b. No Import tariff has been imposed by the SA authorities on dumped or imported products in a number of industry (textile, broiler, sugar cane, glass, milk etc.). The SA milk industry has, in the past, been largely protected by the perishability of the product and the value of the Rand. With improved technology i.e. UHT etc., perishability is no longer a significant factor and the value of the Rand does not play a big role when product is dumped. In many SA industries importation and dumping started in a small way and then accelerated with devastating consequences – this problem, if it grows significantly in the milk industry, could affect both volume and price of milk. The MPO has for many years attempted to get the government to impose tariffs on imported milk products and has unfortunately, to my knowledge, not succeeded.
2) Farmers to create a profitable export market for milk products.
If sufficient product is to be exported this would be a highly desirable solution as overproduction would no longer be a problem and the domestic milk price would be driven up to import parity. It is very unlikely to be organized and driven by farmers. Sub Saharan Africa currently consumes less than 50 litres per capita p.a. – the total population of Sub Saharan Africa is currently 1.2 billion and this is projected to increase, at the fastest rate in the world, to over 2 billion people at the end of the century. Even with a low per capita consumption p.a., this would create a market of more than 80 billion litres of milk p.a. Servicing the market, the logistics of distributing into the many different African countries, the red tape involved and the collection of payments, are all very off putting, however, if SA does not do something soon someone else will take advantage of this potential market, e.g., Fonterra for New Zealand milk once China (to which NZ are mainly exporting) is self-sufficient. Milk production in the number of Sub Saharan countries is being encouraged and investors have already responded.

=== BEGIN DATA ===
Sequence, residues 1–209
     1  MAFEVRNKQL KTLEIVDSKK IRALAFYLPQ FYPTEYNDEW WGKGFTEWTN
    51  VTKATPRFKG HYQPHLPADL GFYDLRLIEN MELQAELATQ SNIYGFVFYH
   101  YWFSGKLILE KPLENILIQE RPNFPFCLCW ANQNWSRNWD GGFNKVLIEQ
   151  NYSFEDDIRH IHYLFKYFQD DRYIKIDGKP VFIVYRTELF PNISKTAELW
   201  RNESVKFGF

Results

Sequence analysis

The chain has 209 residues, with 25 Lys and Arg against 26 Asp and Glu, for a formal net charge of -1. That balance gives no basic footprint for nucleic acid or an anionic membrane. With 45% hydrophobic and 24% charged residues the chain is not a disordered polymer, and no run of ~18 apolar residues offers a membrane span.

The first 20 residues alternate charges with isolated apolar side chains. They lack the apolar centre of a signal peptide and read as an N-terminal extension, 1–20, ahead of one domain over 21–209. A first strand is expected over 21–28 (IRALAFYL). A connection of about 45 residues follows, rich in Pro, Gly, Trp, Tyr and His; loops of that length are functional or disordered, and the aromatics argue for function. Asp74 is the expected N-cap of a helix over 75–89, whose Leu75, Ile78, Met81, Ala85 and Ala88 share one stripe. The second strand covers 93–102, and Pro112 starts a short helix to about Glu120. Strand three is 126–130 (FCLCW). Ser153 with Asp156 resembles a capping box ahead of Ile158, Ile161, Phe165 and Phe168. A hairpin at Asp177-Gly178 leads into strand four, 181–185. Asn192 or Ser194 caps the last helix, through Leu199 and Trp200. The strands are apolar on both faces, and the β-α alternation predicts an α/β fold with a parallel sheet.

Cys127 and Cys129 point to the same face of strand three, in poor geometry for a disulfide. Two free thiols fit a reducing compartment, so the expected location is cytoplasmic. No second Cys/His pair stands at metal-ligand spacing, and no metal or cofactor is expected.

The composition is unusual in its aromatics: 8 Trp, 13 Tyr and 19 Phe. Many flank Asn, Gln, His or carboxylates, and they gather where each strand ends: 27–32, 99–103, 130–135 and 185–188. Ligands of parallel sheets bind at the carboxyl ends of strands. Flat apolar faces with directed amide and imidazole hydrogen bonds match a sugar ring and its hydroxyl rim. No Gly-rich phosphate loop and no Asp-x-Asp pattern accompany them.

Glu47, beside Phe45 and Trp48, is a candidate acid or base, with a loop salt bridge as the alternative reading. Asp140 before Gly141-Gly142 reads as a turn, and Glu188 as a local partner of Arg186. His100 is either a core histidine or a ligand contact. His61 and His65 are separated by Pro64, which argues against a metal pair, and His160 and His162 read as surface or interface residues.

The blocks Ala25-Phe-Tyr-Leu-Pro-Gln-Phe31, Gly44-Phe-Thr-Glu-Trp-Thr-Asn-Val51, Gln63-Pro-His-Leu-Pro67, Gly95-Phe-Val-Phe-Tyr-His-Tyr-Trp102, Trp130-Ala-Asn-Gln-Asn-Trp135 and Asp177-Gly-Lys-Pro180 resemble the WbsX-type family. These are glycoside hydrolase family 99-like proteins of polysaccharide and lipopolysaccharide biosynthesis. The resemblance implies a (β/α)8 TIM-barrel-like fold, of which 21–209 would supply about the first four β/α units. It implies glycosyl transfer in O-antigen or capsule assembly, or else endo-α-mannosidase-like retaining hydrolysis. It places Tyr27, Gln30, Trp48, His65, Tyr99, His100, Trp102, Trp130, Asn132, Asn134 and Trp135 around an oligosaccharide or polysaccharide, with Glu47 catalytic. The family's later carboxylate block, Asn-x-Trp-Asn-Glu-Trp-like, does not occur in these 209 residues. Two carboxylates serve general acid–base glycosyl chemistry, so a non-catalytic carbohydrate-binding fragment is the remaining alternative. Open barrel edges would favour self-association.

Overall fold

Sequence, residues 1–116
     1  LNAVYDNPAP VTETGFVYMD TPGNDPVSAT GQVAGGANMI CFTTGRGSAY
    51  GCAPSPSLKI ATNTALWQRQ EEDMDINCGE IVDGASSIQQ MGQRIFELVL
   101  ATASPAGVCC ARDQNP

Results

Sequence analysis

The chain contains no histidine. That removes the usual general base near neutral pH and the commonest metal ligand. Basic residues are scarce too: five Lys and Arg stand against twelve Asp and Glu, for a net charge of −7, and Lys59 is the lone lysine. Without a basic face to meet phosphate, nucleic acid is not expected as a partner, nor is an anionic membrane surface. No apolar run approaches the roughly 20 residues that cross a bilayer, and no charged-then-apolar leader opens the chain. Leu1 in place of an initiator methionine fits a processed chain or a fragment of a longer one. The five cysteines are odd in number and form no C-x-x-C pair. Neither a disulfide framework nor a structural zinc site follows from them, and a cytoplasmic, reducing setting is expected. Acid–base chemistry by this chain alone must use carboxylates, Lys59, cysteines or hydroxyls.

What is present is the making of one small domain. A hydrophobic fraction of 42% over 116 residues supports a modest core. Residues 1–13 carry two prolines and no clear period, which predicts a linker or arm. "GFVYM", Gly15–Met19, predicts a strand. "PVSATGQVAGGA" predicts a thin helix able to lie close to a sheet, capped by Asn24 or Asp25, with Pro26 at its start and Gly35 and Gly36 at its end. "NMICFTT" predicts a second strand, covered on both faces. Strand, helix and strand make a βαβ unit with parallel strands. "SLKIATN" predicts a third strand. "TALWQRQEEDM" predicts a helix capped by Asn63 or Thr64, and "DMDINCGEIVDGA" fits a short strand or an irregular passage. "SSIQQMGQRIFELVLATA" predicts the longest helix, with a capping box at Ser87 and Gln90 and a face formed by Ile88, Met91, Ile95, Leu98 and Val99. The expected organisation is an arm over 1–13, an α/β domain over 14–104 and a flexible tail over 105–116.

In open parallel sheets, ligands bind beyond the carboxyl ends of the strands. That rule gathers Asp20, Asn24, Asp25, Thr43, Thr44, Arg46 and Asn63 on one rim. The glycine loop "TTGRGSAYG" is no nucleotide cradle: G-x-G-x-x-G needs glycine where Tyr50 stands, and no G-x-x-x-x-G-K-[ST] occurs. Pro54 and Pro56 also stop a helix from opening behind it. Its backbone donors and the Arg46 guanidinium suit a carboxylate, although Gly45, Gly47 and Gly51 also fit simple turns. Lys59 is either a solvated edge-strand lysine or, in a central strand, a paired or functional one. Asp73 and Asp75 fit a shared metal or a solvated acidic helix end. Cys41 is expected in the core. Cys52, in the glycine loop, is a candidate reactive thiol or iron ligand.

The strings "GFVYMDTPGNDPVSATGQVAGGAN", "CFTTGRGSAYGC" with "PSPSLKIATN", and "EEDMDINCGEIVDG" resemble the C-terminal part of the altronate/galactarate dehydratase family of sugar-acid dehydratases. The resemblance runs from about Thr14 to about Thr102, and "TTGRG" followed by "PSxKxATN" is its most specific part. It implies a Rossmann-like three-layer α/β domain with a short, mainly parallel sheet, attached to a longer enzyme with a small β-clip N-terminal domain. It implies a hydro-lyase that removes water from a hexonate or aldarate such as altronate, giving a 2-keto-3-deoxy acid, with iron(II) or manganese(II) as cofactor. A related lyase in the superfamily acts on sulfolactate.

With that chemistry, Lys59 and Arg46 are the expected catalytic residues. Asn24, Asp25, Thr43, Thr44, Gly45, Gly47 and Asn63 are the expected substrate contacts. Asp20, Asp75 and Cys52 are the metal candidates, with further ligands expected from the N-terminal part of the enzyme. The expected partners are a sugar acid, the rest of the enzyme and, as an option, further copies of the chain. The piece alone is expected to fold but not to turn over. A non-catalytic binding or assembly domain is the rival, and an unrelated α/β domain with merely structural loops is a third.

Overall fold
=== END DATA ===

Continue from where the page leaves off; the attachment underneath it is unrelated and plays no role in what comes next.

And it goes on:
3) SA Dairy Farmers to Vertically integrate within the Milk Industry
I.e. process part or all their own product into saleable commodities, transport their own product and possibly mix and even pellet their own meal. All of these integrations have their own set of challenges and that is why most dairy farmers have chosen to horizontally expand rather than vertically integrate.
4) SA Dairy farmers to reduce milk production and expand into other Agricultural enterprises.
The SA Sugar Cane industry, which has been a highly profitable and well organized industry for more than 100 years, has recently run into over production problems as a result of decreased sugar demand and the dumping of imported product. The cane industry recognized the growing problem early and many cane farmers have already reduced their cane area and diversified into other enterprises e.g. Macadamia nuts, Avo’s etc. I do not know of a single dairy farmer that is sufficiently aware of the potential SA oversupply problem that has done anything about it.
5) SA Dairy Farmers to reduce production and diversify into other industries (possibly even offshore).
Jeff Every, a ACD consultant in the Eastern Cape, some years ago, advocated that in order to hedge against the future in SA, at least 30% of total assets should be held offshore. He has achieved this goal with the majority of his clients – in KZN very little has been done in this regard.
Summary & Conclusion
As stated, the status quo will result in fluctuating and depressed prices and is likely to result in the number of farmers declining by at least 30% over the next few years. SA dairy farmers currently have the potential to, and probably will, considerably oversupply the domestic demand for milk. They are also unlikely to rectify their seasonally skewed supply curve. Like the sugar cane farmers they need to reassess their position and react accordingly – possible alternatives are listed above and there must be many more. I look forward to serious readers of this article putting forward other alternatives to consider, please send these to email@example.com. The weather (particularly with global warming) and political interference, are two factors that could have a major effect on the projected scenarios.
If dairy farmers do not react (and I suspect they will not for some time to come) milk prices to the farmer will fluctuate and will stay depressed overall and the industry from a farmer point of view will remain fragile.